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Hordes Of Newcomers Driving Up Mountain West Housing Costs? There's More To The Story.

Colorful multi-storey homes in Daybreak, Utah with a vast cloudy sky in the background.
Jason Finn
Getty Images

In 2020, the press was filled with stories about droves of wealthy out-of-staters fleeing cities and the pandemic and moving to the Mountain West. Two new reports complicate that narrative.

U.S. Postal Service data analyzed by the real estate investment firm CBRE shows that more than a million people moved away from big cities such as San Francisco, Los Angeles and New York City last year. But most migrated to nearby suburbs and cities such as Sacramento or to sunbelt destinations such as Austin, Texas.

Overall, there wasn't a huge spike in new people moving to the Mountain West, with growth following roughly the same trend as it did before the pandemic.

"If you were gaining population before you tend to be gaining population now," said Bryce Ward, an economist based at the University of Montana who wasn't involved in the CBRE report. "If you were losing population before you are probably losing population now, though at a slightly lower rate."

That said, there were a few outliers. Boise, for example, welcomed more than 10,000 Californians last year – a 27% increase compared to 2019.

But overall, the data suggests that the region's skyrocketing housing prices aren't necessarily due to new people moving here. Instead, it may be driven more by low mortgage rates, the high costs of lumber and other building materials, as well as a rise in outside investors buying property.

Investors are purchasing about one in five homes across the country right now, according to a recent report from John Burns Real Estate Consulting, a research firm based in California. They range from individuals wanting to own a vacation rental to huge hedge funds like BlackRock or J.P. Morgan. Such companies have the capital to outbid others, buy up property and then rent it out. There are also new crowdfunding firms that allow people to buy a share of real estate in the same way you'd buy a share of a company's stock.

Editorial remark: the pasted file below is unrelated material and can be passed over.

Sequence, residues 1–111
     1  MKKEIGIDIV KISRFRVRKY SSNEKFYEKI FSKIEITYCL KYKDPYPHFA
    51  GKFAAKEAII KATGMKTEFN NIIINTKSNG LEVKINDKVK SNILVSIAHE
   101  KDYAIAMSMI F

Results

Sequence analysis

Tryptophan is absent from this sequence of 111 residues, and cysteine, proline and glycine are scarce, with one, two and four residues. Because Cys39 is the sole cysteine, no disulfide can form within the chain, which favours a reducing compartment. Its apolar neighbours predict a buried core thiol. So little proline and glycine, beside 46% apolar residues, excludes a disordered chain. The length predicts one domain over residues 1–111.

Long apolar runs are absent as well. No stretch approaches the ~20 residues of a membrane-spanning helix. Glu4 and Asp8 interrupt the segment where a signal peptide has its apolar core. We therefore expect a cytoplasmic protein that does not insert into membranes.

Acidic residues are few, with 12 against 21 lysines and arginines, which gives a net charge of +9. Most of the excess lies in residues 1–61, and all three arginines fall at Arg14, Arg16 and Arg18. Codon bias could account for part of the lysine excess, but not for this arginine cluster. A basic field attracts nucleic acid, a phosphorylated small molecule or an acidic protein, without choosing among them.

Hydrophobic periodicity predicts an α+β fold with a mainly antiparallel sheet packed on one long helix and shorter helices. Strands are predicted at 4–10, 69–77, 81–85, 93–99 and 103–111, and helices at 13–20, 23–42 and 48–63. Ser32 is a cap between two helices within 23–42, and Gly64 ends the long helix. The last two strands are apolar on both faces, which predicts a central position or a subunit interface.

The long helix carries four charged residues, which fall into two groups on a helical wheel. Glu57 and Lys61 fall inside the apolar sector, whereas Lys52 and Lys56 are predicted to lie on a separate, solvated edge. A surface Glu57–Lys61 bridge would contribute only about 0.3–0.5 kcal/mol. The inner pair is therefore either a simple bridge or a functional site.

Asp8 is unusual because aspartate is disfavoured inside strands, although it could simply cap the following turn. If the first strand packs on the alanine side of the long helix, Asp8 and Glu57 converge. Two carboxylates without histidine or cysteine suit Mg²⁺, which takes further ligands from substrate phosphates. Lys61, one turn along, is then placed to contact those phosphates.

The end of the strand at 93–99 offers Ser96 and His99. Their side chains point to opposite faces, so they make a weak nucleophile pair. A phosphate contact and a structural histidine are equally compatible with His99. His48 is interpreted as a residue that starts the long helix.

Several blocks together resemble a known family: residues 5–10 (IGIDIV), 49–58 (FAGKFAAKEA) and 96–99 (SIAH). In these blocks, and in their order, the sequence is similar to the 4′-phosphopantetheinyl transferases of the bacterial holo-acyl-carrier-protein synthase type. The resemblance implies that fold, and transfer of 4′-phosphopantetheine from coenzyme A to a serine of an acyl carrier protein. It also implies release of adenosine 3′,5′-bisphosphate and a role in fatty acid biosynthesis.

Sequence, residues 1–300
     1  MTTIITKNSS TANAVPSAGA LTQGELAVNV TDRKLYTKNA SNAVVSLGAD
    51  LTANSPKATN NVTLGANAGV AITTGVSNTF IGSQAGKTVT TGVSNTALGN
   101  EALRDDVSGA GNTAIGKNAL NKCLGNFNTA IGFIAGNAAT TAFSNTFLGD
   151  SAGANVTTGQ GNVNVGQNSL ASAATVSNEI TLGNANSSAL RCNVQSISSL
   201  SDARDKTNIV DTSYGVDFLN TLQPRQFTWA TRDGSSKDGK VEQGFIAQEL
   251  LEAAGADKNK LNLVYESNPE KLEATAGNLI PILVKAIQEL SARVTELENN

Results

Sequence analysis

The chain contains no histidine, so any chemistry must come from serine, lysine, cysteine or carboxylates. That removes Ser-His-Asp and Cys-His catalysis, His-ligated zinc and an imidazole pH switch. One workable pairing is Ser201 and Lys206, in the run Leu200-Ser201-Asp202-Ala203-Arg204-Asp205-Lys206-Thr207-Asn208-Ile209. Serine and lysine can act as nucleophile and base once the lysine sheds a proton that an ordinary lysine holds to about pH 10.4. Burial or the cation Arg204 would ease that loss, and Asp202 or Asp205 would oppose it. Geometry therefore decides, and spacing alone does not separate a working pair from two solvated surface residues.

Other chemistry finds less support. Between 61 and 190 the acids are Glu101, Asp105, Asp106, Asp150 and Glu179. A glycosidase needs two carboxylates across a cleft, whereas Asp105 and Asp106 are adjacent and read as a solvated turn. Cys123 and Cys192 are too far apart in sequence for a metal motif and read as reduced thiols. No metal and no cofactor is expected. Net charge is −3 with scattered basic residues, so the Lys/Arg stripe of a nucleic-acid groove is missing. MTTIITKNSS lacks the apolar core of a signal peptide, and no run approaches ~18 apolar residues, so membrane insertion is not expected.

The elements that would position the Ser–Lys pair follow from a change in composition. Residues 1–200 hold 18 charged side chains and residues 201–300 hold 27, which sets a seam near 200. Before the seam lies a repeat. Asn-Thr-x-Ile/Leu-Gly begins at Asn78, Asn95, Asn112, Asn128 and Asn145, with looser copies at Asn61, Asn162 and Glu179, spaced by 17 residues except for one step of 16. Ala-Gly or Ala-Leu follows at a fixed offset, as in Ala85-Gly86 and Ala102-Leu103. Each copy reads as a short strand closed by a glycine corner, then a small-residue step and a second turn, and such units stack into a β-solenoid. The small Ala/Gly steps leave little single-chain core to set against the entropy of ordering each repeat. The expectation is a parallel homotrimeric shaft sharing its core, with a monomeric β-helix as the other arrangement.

"You can buy part of a house now or a portfolio of houses," consultant John Burns said during a recent webinar. "That will change the game. That allows a lot more capital to come in and make housing more expensive."

In cities such as Flagstaff, Ariz., Spokane, Wash. and Boulder, Colo., the share of investors buying property is even higher than the national average.

Home prices across the Mountain West have surged by more than 14.8% compared to last January, according to Federal Housing Finance Agency numbers published in late March.

This story was produced by the Mountain West News Bureau, a collaboration between Wyoming Public Media, Boise State Public Radio in Idaho, KUNR in Nevada, the O'Connor Center for the Rocky Mountain West in Montana, KUNC in Colorado, KUNM in New Mexico, with support from affiliate stations across the region. Funding for the Mountain West News Bureau is provided in part by the Corporation for Public Broadcasting.

Nate Hegyi is a roving regional reporter for the Mountain West News Bureau, based at Nevada Public Radio. You can reach him at natehegyi@protonmail.com.

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